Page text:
2000 — The City of If, Aviva Rahmani
The City of If
University of Southern Maine
Aviva Rahmani (2000)
In Aviva Rahmani’s series of panels titled A City of If a local story unfolds of how we are losing our relationship to nature and what that has cost us. However, by overlaying a pre-European settlement pattern on maps of present urban development, the City of If also presents a speculative world where we have regained it. Portland, like other modern coastal cities, has fragmented shorelines due to tidal crossings that eliminate salt marsh flushing. This threatens coastlines and water systems because roads and built structures in the path of normal tides make it impossible for water to move in ways that allow it to cleanse itself and adequately support the habitat that depends on that process.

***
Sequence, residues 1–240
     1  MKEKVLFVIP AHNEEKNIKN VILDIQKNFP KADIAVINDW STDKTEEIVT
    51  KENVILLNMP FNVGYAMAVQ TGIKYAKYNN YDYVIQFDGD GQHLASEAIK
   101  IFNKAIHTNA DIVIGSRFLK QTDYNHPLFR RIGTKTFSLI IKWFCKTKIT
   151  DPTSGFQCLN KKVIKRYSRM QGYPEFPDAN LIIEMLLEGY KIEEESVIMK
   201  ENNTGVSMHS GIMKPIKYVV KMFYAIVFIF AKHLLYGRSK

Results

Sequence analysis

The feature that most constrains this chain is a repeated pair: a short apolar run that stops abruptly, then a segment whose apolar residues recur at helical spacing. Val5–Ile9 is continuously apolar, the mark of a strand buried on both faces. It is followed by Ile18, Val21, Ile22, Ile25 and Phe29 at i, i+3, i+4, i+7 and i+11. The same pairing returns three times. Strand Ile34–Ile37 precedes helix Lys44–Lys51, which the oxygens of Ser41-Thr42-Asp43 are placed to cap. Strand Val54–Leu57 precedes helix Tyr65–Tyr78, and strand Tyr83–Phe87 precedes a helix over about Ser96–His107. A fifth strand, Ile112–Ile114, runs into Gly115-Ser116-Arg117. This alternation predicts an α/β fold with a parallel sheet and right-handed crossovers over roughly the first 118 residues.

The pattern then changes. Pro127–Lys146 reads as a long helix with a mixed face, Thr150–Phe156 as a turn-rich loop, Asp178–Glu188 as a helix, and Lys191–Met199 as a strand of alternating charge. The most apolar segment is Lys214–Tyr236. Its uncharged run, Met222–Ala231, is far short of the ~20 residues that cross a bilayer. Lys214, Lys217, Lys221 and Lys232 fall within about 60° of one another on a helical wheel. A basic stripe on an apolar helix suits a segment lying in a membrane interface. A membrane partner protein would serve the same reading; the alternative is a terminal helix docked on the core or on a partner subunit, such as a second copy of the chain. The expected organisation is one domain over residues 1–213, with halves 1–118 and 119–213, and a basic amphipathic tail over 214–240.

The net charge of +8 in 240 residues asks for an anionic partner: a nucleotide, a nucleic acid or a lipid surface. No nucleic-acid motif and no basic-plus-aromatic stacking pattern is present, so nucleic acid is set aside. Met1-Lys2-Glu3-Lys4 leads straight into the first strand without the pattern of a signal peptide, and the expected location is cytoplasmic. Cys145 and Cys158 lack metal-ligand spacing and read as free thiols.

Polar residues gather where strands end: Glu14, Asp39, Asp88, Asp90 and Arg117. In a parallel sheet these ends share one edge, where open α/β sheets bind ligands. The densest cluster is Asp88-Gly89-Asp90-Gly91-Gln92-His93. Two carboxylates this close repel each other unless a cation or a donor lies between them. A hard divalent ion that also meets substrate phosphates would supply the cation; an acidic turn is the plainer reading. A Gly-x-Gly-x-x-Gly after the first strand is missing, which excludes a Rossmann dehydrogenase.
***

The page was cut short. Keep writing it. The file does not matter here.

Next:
In the City of If, the City of Portland has restored the original margins of the Back Cove area, large arterials for human traffic have been closed, and monorails have been built to take care of human transportation needs. The car corridors are closed to humans and enclosed for the reintroduction of large predator species such as wolves, coyotes or bears. Their reintroduction controls domestic cats, foxes, deer and other animals (meso-predators). The control of these animals in turn protects bird habitat and vegetative cover that preserves the watershed. Adequate quantities of clean water are available, filtration costs are minimal, there is money for infrastructure maintenance and the quality of life is enhanced by abundant greenery.
Rahmani is an artist who moved to Vinalhaven, Maine from New York City ten years ago to engage in a decade-long ecological art project called Ghost Nets. In this project, she bought and restored a former town dump with a salt marsh while making various art objects and artifacts in the process. You can find out more about her work by checking out her website at www.ghostnets.com.